The modelling of operational risk: experience with the analysis of the data collected by the Basel Committee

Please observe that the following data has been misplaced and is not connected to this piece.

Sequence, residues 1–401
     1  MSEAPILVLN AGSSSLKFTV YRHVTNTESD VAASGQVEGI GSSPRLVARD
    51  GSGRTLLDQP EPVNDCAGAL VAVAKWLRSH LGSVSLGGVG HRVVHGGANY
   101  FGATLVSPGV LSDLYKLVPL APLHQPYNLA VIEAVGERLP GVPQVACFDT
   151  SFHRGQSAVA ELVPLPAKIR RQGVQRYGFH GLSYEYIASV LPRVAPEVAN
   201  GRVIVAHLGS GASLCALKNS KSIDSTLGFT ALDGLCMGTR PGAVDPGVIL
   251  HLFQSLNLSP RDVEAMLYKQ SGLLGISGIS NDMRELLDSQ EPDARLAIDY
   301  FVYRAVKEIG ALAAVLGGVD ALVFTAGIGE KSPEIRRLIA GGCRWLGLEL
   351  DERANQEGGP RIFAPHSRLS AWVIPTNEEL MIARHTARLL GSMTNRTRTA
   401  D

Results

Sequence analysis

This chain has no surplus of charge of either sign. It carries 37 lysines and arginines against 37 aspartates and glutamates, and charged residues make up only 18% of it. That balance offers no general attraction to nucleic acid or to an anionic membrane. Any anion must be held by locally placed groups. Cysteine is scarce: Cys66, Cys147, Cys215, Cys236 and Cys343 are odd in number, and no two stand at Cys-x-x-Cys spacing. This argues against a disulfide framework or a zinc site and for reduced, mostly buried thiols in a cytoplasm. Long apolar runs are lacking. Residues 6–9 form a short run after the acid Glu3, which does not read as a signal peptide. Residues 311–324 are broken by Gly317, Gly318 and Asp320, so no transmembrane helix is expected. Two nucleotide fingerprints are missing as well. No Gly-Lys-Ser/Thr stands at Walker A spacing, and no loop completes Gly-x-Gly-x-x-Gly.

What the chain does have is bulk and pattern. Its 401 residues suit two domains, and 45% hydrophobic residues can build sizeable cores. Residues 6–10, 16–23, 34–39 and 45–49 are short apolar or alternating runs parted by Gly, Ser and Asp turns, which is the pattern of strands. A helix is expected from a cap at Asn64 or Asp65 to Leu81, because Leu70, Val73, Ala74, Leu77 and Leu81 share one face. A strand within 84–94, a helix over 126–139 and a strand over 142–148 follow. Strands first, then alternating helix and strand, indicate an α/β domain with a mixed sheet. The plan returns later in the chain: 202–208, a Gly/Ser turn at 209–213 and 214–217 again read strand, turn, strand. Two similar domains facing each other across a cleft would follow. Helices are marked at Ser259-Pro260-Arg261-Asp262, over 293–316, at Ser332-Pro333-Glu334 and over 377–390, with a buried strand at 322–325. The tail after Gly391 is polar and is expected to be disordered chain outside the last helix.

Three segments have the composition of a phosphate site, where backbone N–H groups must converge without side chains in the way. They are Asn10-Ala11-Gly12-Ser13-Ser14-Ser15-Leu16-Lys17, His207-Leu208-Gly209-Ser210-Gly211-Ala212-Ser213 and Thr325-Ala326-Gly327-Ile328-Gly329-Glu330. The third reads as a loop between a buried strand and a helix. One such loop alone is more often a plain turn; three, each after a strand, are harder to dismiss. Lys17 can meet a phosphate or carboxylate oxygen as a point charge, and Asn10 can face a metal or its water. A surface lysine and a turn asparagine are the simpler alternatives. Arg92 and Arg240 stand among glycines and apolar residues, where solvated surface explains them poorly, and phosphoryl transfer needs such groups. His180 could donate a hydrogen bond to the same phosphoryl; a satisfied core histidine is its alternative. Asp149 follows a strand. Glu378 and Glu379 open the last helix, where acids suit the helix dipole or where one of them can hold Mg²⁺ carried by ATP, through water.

The revised Basel Capital Accord requires banks to meet a capital requirement for operational risk as part of an overall risk-based capital framework. Three distinct options for calculating operational risk charges are proposed (Basic Approach, Standardised Approach, Advanced Measurement Approaches), reflecting increasing levels of risk sensitivity. Since 2001, the Risk Management Group of the Basel Committee has been performing specific surveys of banksï¿½ operational loss data, with the main purpose of obtaining information on the industryï¿½s operational risk experience, to be used for the refinement of the capital framework and for the calibration of the regulatory coefficients. The second loss data collection was launched in the summer of 2002: the 89 banks participating in the exercise provided the Group with more than 47,000 observations, grouped by eight standardised Business Lines and seven Event Types. A summary of the data collected, which focuses on the description of the range of individualgross loss amounts and of the distribution of the banksï¿½ losses across the business lines/event types, was returned to the industry in March 2003. The objective of this paper is to move forward with respect to that document, by illustrating the methodologies and the outcomes of the inferential analysis carried out on the data collected through 2002. To this end, after pooling the individual banksï¿½ losses according to a Business Line criterion, the operational riskiness of each Business Line data set is explored using empirical and statistical tools. The work aims, first of all, to compare the sensitivity of conventional actuarial distributions and models stemming from the Extreme Value Theory in representing the highest percentiles of the data sets: the exercise shows that the extreme value model, in its Peaks Over Threshold representation, explains the behaviour of the operational risk data in the tail area well. Then, measures of severity and frequency of the large losses are gained and, by a proper combination of these estimates, a bottom-up operational risk capital figure is computed for each Business Line. Finally, for each Business Line and in the eight Business Lines as a whole, the contributions of the expected losses to the capital figures are evaluated and the relationships between the capital charges and the corresponding average level of Gross Incomes are determined and compared with the current coefficients envisaged in the simplified approaches of the regulatory framework.
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